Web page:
What is APU on Boeing 737? (Auxiliary Power Unit)

The Auxiliary Power Unit (APU) is an essential component of the Boeing 737 aircraft. It serves as an independent power source that provides electrical power and pneumatic energy during various flight phases. The APU plays a crucial role in the operation of the aircraft, ensuring its reliable performance and enhancing operational efficiency.

The APU is a self-contained unit located at the tail section of the Boeing 737, between the main landing gear. It consists of a gas turbine engine, a generator, and an air compressor. The gas turbine engine runs on jet fuel or kerosene, similar to the main engines of the aircraft. However, the APU is significantly smaller in size and power output compared to the main engines.

How does the Auxiliary Power Unit work?

The APU operates independently of the main engines and is started before the aircraft’s engines are powered on. It provides electrical power for various aircraft systems, such as lighting, air conditioning, and flight instruments, when the main engines are not running. Additionally, it supplies pneumatic energy for engine starting, air conditioning, and pressurization.

When the APU is turned on, fuel is supplied to the gas turbine engine, igniting the combustor. The combustion process generates high-pressure and high-temperature gases that spin the turbine, which is connected to the generator and air compressor. The generator produces electrical power, while the air compressor supplies compressed air to the bleed air system.

Advantages of the Auxiliary Power Unit

The APU offers several advantages for the Boeing 737 aircraft:

  • Reduced reliance on ground power: The APU allows the aircraft to operate independently at the gate or in remote locations without the need for external power sources. This enhances flexibility and reduces turnaround time.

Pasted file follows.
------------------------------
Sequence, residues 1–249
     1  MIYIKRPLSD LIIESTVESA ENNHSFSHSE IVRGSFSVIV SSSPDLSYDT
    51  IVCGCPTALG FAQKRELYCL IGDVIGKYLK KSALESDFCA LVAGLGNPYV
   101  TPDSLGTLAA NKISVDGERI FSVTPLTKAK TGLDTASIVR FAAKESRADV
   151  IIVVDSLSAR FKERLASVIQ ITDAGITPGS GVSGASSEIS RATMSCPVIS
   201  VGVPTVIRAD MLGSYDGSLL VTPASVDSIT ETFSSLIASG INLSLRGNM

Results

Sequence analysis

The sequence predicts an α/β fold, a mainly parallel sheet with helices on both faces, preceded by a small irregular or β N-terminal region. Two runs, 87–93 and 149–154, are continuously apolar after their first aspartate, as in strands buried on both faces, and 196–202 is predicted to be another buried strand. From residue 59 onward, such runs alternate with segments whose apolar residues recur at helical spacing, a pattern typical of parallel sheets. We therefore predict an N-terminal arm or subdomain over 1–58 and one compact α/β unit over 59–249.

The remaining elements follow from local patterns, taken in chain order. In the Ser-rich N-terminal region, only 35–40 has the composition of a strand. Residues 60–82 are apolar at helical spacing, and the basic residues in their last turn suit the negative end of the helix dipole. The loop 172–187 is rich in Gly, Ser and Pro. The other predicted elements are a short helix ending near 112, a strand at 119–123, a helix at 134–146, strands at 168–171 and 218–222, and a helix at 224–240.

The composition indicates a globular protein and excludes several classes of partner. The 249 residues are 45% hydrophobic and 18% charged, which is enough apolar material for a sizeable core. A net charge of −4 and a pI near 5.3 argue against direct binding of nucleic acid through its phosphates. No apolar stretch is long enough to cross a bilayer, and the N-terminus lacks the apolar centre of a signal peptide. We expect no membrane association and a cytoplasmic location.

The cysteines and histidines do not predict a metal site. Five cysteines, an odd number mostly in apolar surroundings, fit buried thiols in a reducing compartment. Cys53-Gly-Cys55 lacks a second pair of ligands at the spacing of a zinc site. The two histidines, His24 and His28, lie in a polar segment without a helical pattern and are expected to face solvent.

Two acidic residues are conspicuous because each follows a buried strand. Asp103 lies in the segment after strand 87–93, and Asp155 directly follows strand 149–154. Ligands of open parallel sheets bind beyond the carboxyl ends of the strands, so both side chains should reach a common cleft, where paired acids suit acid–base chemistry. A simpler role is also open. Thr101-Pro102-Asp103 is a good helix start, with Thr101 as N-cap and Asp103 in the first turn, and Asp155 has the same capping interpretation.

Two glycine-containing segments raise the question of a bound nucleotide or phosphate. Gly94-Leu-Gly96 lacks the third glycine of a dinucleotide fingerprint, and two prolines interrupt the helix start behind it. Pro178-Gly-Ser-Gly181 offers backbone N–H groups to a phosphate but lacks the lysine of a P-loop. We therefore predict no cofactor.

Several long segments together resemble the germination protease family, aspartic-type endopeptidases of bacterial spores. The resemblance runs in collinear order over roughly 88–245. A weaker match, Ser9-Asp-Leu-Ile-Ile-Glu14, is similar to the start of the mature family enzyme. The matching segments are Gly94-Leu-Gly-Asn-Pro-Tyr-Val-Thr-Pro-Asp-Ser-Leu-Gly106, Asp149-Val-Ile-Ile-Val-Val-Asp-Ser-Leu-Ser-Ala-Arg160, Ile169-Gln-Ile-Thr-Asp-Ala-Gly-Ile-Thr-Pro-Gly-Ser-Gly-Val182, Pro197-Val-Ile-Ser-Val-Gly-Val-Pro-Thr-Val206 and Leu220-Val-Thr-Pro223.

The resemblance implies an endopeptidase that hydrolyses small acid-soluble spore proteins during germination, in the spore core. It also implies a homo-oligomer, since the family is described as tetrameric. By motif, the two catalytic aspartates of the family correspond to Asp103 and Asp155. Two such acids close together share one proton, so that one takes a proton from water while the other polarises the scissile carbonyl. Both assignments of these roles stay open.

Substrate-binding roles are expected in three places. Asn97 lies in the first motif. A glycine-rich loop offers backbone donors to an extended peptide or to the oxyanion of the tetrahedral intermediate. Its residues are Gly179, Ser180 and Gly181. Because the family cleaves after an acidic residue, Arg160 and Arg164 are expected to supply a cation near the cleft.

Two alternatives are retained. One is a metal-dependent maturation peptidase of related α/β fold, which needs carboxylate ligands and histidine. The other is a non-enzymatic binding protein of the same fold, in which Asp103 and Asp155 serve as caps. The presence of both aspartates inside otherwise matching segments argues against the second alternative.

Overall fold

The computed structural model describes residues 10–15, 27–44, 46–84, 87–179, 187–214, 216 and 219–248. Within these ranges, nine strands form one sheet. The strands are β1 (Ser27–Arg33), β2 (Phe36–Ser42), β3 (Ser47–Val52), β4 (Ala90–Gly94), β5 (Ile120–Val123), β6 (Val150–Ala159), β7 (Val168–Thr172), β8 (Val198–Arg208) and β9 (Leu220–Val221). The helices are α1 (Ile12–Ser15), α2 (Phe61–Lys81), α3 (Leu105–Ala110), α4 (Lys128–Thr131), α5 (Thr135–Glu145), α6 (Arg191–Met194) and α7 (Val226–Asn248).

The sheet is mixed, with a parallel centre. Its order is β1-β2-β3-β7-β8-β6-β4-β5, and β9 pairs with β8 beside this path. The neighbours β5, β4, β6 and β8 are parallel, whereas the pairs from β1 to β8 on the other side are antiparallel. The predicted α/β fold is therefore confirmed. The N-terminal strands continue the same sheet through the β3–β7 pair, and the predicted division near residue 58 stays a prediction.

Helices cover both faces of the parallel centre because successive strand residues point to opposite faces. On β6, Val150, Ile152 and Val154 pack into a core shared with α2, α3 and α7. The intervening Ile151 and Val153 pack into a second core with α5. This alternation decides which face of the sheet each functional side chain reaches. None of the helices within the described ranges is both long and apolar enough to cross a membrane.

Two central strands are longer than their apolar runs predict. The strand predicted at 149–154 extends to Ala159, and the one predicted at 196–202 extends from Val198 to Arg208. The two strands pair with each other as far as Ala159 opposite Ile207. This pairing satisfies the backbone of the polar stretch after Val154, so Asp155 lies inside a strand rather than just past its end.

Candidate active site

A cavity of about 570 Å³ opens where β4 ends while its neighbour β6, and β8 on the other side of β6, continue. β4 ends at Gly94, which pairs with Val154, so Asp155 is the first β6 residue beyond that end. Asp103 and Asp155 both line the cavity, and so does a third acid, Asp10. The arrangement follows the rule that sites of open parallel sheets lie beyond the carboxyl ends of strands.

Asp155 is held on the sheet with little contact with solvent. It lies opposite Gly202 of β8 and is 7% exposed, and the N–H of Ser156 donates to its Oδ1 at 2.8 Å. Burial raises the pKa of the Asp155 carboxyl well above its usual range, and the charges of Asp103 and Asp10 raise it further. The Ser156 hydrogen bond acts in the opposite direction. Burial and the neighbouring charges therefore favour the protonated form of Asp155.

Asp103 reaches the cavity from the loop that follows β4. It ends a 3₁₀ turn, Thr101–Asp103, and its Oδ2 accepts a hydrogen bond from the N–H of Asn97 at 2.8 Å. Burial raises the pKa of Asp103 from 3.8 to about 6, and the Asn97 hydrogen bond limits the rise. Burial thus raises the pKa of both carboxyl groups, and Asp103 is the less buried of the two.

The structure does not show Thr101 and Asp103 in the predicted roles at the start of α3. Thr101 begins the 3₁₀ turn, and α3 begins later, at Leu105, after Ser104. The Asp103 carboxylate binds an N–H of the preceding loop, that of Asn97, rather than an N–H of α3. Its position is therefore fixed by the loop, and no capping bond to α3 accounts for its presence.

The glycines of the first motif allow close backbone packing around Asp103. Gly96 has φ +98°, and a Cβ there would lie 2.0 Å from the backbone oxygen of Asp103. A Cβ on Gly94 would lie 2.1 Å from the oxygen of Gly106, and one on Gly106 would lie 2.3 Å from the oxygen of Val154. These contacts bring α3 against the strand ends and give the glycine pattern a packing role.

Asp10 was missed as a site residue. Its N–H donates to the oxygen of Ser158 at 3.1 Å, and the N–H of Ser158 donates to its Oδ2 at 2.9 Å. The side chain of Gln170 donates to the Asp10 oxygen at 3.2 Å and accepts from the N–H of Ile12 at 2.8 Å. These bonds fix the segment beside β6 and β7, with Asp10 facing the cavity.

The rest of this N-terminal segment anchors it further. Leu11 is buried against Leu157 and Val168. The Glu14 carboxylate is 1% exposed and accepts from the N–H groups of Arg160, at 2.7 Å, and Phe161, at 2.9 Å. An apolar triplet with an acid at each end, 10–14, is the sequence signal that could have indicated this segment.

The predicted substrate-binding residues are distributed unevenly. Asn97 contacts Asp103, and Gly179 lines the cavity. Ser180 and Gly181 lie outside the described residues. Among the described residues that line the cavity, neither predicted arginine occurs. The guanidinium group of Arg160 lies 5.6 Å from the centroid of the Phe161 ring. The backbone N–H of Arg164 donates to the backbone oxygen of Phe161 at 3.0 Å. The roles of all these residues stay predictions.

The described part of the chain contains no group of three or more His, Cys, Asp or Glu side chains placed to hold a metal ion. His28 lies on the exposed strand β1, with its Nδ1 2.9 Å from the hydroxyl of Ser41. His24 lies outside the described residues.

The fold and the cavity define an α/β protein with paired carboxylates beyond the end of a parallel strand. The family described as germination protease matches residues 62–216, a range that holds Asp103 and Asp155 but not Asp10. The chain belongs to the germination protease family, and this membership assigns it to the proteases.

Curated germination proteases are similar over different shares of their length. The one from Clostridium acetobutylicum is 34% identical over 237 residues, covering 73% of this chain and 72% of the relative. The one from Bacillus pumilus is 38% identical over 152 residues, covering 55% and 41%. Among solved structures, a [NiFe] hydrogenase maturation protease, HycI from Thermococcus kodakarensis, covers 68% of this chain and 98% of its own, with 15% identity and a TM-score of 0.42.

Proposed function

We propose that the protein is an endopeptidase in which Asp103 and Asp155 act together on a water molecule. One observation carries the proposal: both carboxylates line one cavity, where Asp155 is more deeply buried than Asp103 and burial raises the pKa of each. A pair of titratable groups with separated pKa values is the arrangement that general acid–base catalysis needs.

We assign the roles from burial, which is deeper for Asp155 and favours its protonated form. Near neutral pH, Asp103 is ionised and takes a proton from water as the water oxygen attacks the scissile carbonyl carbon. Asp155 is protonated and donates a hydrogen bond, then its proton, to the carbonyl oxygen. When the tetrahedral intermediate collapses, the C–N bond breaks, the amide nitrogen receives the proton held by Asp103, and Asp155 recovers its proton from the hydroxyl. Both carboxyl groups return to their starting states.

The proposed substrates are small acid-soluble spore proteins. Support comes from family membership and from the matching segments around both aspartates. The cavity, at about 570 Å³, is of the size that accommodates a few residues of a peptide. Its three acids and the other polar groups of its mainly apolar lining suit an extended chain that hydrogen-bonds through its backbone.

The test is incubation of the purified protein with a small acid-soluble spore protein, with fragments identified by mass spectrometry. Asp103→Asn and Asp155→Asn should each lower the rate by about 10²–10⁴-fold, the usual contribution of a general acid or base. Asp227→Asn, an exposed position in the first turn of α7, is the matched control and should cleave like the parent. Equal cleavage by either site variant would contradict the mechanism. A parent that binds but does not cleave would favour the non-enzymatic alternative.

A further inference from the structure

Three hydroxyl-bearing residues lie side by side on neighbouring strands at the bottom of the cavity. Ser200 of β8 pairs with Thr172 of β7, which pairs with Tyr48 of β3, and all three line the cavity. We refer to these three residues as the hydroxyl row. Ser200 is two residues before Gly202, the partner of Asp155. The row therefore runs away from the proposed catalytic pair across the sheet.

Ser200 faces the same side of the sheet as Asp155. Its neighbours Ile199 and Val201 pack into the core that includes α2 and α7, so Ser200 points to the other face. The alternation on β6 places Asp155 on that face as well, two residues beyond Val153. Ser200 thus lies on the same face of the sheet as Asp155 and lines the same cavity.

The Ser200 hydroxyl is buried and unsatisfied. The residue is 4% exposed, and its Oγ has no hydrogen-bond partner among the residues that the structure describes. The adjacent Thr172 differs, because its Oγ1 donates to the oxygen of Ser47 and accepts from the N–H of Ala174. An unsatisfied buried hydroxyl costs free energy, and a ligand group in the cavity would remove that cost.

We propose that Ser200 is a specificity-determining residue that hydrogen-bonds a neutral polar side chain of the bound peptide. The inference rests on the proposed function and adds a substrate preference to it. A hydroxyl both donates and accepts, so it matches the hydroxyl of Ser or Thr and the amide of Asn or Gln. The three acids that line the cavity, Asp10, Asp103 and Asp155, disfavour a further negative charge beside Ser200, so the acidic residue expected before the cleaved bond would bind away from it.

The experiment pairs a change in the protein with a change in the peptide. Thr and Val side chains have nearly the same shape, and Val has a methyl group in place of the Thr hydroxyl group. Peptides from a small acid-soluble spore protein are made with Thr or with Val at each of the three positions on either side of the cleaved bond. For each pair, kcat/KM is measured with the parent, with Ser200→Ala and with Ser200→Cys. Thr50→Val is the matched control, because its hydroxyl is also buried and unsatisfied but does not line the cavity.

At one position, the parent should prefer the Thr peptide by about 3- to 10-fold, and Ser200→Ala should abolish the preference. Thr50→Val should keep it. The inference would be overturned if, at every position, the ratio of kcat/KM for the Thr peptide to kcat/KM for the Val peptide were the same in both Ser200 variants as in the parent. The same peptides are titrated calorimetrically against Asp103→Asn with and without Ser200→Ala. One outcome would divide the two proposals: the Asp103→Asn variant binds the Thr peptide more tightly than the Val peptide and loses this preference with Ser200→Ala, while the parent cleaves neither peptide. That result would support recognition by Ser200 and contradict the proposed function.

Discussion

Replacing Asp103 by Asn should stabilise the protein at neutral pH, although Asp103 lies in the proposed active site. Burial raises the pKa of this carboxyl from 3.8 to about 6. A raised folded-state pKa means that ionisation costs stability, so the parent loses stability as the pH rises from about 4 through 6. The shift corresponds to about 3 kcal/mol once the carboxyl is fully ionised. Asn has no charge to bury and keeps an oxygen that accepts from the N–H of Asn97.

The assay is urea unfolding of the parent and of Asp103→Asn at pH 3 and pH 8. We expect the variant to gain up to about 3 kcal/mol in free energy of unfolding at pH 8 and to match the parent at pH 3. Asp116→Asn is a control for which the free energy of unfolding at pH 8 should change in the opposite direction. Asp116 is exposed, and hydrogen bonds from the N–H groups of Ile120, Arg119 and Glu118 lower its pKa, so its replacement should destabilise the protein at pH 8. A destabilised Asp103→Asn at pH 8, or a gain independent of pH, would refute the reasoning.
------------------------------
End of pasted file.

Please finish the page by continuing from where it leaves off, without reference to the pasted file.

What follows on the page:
• Backup power source: In case of an in-flight power loss from the main engines, the APU can provide electrical power to essential systems and instruments, ensuring the safety and control of the aircraft.
  • Engine starting: The APU supplies compressed air to start the main engines. This eliminates the need for external air carts or other equipment to initiate engine start-up.
  • Environmental control: The APU powers the air conditioning and pressurization systems, maintaining a comfortable and safe environment for passengers and crew, especially during ground operations.

The use of the APU also improves fuel efficiency by reducing reliance on the main engines during ground operations. When the APU is running, the main engines can remain shut down, resulting in fuel savings. The APU is designed to provide sufficient power for essential operations, reducing the idle time of the main engines and minimizing fuel consumption.


The Auxiliary Power Unit (APU) is a vital component of the Boeing 737 aircraft. It functions as an independent power source, supplying electrical power and pneumatic energy during various flight phases. The APU enhances the operational flexibility, reliability, and efficiency of the aircraft. Its contributions to powering essential systems, reducing reliance on ground power, and improving fuel efficiency make it an integral part of the Boeing 737 experience.

To learn more about the Auxiliary Power Unit and its role in aviation, check out this article by Boeing.

For More: What is TDZE on Boeing 737? (Touch Down Zone Elevation)